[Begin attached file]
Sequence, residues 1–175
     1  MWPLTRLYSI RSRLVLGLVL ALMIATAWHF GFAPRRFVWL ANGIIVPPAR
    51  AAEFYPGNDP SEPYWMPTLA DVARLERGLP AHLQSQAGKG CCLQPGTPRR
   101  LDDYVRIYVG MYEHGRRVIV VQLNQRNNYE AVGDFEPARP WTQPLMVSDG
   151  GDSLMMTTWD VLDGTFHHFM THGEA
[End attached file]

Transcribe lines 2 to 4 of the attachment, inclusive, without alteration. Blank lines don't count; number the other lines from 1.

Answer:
     1  MWPLTRLYSI RSRLVLGLVL ALMIATAWHF GFAPRRFVWL ANGIIVPPAR
    51  AAEFYPGNDP SEPYWMPTLA DVARLERGLP AHLQSQAGKG CCLQPGTPRR
   101  LDDYVRIYVG MYEHGRRVIV VQLNQRNNYE AVGDFEPARP WTQPLMVSDG